Peel and slice peaches to measure about 10 or 11 cups of fruit (the fruit should be sliced into chunks about 1/4-inch thick, and about 1 inch wide; but some can be larger, some smaller). Toss the fruit with the sugar, cover with plastic wrap (to help prevent browning of the top layer) and let stand for 3 to 4 hours at room temperature. It would be all right to let the fruit stand overnight in the refrigerator.

Wash 7 half-pint jars; keep hot until needed. Prepare lids as manufacturer directs.

Place a large colander in a large, non-aluminum skillet or wide-mouthed pan. Pour the fruit and juice through the colander and let it drain for 20 minutes. Remove the fruit to a bowl. Add the cinnamon stick, then measure the depth of the juice collected in the pan by standing a chopstick in the juice and marking its surface with a pencil.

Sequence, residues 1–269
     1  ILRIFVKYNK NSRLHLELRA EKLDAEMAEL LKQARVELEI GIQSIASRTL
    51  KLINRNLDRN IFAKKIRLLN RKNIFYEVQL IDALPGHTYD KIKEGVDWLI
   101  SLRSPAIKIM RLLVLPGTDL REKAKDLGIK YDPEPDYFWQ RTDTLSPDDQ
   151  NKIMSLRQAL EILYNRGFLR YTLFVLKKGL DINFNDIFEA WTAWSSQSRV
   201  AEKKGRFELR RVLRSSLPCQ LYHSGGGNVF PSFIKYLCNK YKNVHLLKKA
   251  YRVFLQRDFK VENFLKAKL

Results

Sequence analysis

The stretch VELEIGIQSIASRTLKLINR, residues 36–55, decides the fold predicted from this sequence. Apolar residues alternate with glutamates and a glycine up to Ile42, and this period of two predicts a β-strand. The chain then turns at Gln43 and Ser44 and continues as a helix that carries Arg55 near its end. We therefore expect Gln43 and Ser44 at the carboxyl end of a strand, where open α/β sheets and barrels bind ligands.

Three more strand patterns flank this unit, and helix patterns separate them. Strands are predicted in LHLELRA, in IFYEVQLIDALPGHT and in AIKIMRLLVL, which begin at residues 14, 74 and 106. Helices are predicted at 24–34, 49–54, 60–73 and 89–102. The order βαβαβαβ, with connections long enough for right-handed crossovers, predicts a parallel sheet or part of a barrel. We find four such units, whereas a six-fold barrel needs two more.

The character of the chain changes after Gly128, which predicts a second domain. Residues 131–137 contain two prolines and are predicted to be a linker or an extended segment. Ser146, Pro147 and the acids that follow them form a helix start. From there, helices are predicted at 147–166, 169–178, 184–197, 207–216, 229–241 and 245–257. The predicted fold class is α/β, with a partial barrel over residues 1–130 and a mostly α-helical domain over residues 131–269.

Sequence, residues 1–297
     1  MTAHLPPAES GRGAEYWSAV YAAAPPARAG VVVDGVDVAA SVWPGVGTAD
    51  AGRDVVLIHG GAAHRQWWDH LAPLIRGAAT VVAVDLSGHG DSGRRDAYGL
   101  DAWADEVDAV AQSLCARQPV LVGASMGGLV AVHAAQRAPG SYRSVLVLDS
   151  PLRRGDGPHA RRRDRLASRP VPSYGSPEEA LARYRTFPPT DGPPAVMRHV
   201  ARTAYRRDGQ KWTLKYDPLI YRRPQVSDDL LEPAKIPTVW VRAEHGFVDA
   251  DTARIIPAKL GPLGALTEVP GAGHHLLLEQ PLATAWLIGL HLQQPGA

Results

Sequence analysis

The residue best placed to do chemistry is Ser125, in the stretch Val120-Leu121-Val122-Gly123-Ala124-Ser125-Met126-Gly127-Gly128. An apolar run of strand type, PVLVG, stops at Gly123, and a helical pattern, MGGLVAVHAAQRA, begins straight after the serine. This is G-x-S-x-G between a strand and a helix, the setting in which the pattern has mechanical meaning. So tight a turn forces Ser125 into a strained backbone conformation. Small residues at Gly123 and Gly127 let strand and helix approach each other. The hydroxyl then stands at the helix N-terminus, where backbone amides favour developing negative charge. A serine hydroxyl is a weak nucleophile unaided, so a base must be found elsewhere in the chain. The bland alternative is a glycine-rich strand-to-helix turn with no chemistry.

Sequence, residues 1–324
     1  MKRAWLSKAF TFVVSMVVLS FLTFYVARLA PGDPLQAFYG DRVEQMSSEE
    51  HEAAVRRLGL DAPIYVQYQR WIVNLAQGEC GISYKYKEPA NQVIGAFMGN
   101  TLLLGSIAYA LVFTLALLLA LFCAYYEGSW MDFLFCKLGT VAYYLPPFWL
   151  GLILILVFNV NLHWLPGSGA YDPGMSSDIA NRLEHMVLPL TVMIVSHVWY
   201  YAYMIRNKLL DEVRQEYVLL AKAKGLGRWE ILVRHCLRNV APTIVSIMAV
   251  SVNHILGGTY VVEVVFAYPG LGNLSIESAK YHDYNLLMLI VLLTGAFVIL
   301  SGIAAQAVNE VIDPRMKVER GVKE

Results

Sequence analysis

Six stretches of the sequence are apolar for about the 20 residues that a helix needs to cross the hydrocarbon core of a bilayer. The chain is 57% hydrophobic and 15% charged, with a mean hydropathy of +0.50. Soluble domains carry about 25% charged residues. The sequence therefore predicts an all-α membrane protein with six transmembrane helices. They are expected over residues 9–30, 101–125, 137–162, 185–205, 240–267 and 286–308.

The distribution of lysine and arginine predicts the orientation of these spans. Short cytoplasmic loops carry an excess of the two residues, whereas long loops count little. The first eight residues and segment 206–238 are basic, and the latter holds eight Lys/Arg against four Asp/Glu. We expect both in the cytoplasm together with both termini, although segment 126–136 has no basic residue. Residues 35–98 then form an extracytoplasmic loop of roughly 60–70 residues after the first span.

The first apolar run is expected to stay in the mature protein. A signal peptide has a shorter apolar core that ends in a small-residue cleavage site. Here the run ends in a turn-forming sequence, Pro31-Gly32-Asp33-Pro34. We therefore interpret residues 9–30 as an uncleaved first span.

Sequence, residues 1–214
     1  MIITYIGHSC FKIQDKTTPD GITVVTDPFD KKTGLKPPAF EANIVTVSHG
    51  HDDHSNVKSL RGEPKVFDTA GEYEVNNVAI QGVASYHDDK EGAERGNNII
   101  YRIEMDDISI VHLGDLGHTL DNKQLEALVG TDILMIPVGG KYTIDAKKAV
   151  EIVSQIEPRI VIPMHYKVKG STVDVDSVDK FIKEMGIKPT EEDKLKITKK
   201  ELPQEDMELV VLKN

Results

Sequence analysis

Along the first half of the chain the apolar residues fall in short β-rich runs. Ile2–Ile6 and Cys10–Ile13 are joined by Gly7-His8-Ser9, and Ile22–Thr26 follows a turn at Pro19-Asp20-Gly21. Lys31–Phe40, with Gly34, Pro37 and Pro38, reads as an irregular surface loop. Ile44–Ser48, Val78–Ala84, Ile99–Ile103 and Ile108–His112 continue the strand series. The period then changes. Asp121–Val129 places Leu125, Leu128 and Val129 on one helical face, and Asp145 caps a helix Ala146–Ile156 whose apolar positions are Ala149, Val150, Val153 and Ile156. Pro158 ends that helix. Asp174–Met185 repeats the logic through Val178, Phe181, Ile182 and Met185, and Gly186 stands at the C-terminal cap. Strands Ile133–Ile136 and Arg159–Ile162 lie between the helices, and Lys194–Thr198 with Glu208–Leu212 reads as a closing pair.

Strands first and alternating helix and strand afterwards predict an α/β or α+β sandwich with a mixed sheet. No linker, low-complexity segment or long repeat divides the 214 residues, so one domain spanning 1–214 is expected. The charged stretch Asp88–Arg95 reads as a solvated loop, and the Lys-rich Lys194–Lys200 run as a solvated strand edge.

Bring the juice to a boil over high heat, then reduce the heat enough to keep the juice boiling fairly rapidly (the surface will appear foamy with small bubbles covering the entire surface). Boil until the juice is reduced by half. This will take about 20 minutes. To test the amount of reduction, place the chopstick in the pan and see where the surface hits in relation to your original pencil marking. By this time, the juice has become a light, slightly glistening syrup.

Add the fruit and any additional juice that has accumulated and continue cooking until the peaches begin to take on a translucent, caramelized look around the edges, and the syrup is quite thick. This will take about 15 minutes. There's a great deal of splattering toward the end, so protect your hands and arms to avoid tiny burns.

Remove the mixture from the heat. Remove the cinnamon stick. Ladle the hot jam into one hot jar at a time, leaving 1/4-inch head space. Wipe jar rim with a clean, damp cloth. Attach lid. Fill and close remaining jars. Process in a boiling water canner for 10 minutes (15 minutes at 1,001 to 6,000 feet; 20 minutes above 6,000 feet).
Yields 6 or 7 half-pints.